Melissa Montz ran the same 5-mile path each morning past the LSU golf course, a routine that didn’t break until one October day almost three decades ago.
It was Montz’s coffee pot that first alerted her roommate that something was wrong with the 27-year-old LSU doctoral candidate, a woman down-to-earth in ways befitting someone devoted to studying sedimentary rocks. Allison Drew recalled recently that Montz timed the brew to be ready for her return from early morning runs, but by late morning that day, the coffee was still untouched.
She was missing for 51 days before police found Montz’s decomposed body on Nov. 24, 1985, in a ditch between the 18th fairway of the LSU golf course and the railroad track along Nicholson Drive, near the Gourrier Avenue intersection. Montz was tied to a log and had been raped, police said. No one was arrested in her murder.
Thirty years later, Baton Rouge Police detectives are reopening Montz’s case, hoping that advances in genetic testing could mean new DNA matches on items found at the scene.
“We knew that there are people that know stuff about this case,” said Detective Logan Collins, who is in charge of the cold-case investigation. “There were people who called in information that you would’ve only known if someone that did the crime had told you. There’s no other way.”
Montz was found with ropes around her arms, neck and legs, Collins said. He believes she was strangled to death, but so much of her body had disintegrated it was nearly impossible to definitely determine a cause of death, he said. An intense rain came not long after she was left in the ditch filled with trash and debris, he said.
Montz’s shorts were gone, but her shirt and shoes were found, along with a whistle, Collins said. She was also missing a ring and a watch, but detectives don’t know if the items were stolen or washed away, he said.
The abduction between 6 a.m. and 7 a.m. that fall day meant it was still dark when Montz was running, Collins said. Because she kept such a reliable schedule, someone could have been tracking Montz, but the attack could easily have been random.
It “appears to be more of a crime of opportunity than anything,” Collins said. No suspects emerged in the initial investigation.
Raised in a small Midwestern town, Montz was described as “sensible,” “friendly,” “focused” and “straightforward” by friends. She was a geology student more drawn to examining ancient oil deposits in New Mexico than attending wild parties.
Montz was in a happy relationship with her boyfriend, Donald Broussard, and had just penned a letter to her sister, Pam, expressing excitement over her studies and job prospects.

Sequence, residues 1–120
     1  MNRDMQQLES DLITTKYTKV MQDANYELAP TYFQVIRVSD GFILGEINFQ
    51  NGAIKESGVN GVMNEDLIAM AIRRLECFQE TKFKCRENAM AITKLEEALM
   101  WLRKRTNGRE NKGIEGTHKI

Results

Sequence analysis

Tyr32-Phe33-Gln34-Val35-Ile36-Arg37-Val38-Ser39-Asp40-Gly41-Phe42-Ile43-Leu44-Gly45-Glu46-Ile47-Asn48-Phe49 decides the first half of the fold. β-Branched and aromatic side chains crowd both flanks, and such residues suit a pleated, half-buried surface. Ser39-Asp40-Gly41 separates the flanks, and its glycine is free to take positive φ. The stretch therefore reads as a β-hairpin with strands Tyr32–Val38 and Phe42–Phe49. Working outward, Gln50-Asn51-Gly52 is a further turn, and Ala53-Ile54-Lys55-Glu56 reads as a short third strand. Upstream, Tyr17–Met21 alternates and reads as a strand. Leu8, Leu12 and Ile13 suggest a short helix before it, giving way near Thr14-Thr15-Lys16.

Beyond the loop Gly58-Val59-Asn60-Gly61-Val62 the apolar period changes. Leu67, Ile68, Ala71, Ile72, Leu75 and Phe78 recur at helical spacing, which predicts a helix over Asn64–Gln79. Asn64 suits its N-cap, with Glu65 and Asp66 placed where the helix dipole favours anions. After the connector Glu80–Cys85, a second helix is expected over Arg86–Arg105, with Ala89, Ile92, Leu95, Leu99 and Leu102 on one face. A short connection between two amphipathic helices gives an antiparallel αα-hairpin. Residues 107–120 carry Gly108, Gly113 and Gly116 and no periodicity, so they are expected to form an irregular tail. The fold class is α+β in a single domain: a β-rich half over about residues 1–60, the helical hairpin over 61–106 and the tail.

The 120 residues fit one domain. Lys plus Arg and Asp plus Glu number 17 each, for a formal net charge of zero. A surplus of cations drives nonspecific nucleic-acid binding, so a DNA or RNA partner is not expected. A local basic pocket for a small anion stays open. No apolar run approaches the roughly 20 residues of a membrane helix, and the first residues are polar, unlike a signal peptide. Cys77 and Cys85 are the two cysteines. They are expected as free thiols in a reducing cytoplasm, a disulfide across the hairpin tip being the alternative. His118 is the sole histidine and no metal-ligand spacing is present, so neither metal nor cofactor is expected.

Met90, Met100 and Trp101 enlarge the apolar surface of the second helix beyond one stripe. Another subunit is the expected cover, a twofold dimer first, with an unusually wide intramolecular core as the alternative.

“We head off to the Ouachitas (Arkansas) next week on a field trip to look at some ‘Deep sea sedimented deposits!’ I’m looking forward to the scenery as much as the geology,” Montz said in a handwritten note, dated Oct. 5, 1985, the day after she vanished.
Pam Montz, the Police Department’s main contact with Montz’s family, declined to be interviewed for this story, as did Broussard. Montz’s parents, from Two Rivers, Wisconsin, are deceased, according to public records. They’d suffered the death of their 17-year-old son in a car crash six years before Montz’s murder, according to reports in The Advocate.
In the years after Montz went missing, newspaper accounts brought up her name in possible connection to Baton Rouge serial killers like Sean Vincent Gillis and Derrick Todd Lee. But those men committed murders in the 1990s, later than when Montz was killed. Collins isn’t convinced there’s any link.
“She grew up in a sheltered environment and didn’t realize how dangerous situations can be,” said Louise Hose, a classmate of Montz. Now 63 and a noted geologist and spelunker, Hose choked up at the memory of her friend, who brought a serious work ethic to her LSU studies but maintained a small-town innocence, she said.
One time at Wal-Mart with Montz, Hose said she was keeping her eye on some men in the parking lot who’d made rude comments at them. Later, the men came running at the young women, and Hose quickly urged Montz into their car and locked the doors. Montz turned to her wide-eyed, and said, “How did you know they were coming?”
Hose’s statements echo Montz’s father’s description of his daughter in The Advocate in 1985: “If she had one fault, it was she was too trusting.” Still, Hose said Montz was aware enough not to put herself in dangerous situations.
Dag Nummedal was Montz’s Ph.D. adviser who’d organized search parties among friends, family and geology students to find Montz. Many of them had grown frustrated, feeling the police weren’t doing enough to locate her.
“I thought the world of her,” Nummedal said. “Typically, when you work with Ph.D. students, you spend many, many years with them, so it was a personal loss in that respect.”
Other classmates, such as Sarah Moore, also a geologist, remembered Montz as a kind, no-nonsense person.
“She was a woman natural in her appearance,” said Moore. “I admired her energy.”
Montz’s inner circle is still hopeful for closure in her story.
“I miss her. I’m horrified at what was done,” Hose said. “She is one of the reminders of how precious life is and how terribly short it can be. (Her death) was not because she was taking any risks. She was a pretty conservative and calculated person, just out jogging.”
Anyone with information about Montz’s murder is asked to contact Baton Rouge cold-case detectives at (225) 389-4869.
Follow Maya Lau on Twitter, @mayalau.